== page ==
Here we present Atmel AVR microcontrollers, their features and different families of AVR in more details.
A brief history of the AVR microcontroller
There are many kinds of AVR microcontroller with different properties. Except for AVR32, which is a 32-bit microcontroller, AVRs are all 8-bit microprocessors, meaning that the CPU can work on only 8 bits of data at a time. Data larger than 8 bits has to be broken into 8-bit pieces to be processed by the CPU. One of the problems with the AVR microcontrollers is that they are not all 100% compatible in terms of software when going from one family to another family. To run programs written for the ATtiny25 on a ATmega64, we must recompile the program and possibly change some register locations before loading it into the ATmega64. AVRs are generally classified into four broad groups: Mega, Tiny, Special purpose, and Classic. On this website we cover the Mega family because these microcontrollers are widely used. Also, we will focus on ATmega32 since it is powerful, widely available, and comes in DIP packages, which makes it ideal for educational purposes. For those who have mastered the Mega family, understanding the other families is very easy and straightforward. The following is a brief description of the AVR microcontroller.
The AVR is an 8-bit RISC single-chip microcontroller with Harvard architecture that comes with some standard features such as on-chip program (code) ROM, data RAM, data EEPROM, timers and I/O ports. Most AVRs have some additional features like ADC, PWM, and different kinds of serial interface such as USART, SPI, I2C (TWI), CAN, USB, and so on. The details of the RAM/ROM memory and I/O features of the Mega are given elsewhere on this website.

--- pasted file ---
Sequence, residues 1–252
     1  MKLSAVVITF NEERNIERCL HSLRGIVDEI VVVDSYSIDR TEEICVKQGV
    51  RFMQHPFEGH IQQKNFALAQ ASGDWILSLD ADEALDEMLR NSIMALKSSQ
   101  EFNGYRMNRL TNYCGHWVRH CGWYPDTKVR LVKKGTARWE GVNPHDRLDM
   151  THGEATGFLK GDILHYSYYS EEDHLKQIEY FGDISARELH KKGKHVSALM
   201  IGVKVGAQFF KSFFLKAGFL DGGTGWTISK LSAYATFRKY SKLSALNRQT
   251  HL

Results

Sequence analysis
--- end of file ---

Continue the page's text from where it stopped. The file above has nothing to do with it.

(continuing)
AVR Microcontroller Program ROM
In microcontrollers, the ROM is used to store programs and for that reason it is called program or code ROM. Although the AVR has 8M (megabytes) of program (code) ROM space, not all family members come with that much ROM installed. The program ROM size can vary from 1K to 256K at the time of this writing, depending on the family member. The AVR was one of the first microcontrollers to use on-chip Flash memory for program storage. The Flash memory is ideal for fast development because Flash memory can be erased in seconds compared to the 20 minutes or more needed for the UV-EPROM.
AVR Mricrocontroller Data RAM and EEPROM
While ROM is used to store program (code), the RAM space is for data storage, The AVR has a maximum of 64K bytes of data RAM space. Not all of the family members come with that much RAM. The data RAM space has three components: general-purpose registers, I/O memory, and internal SRAM, There are 32 general-purpose registers in all of the AVRs, but the SRAM’s size and the I/O memory’s size varies from chip to chip. On the Atmel website, whenever the size of RAM is mentioned the internal SRAM size is meant. The internal SRAM space is used for a read/write scratch pad. In AVR, we also have a small amount of EEPROM to store critical data that does not need to be changed very oiten.
AVR Microcontroller l/O pins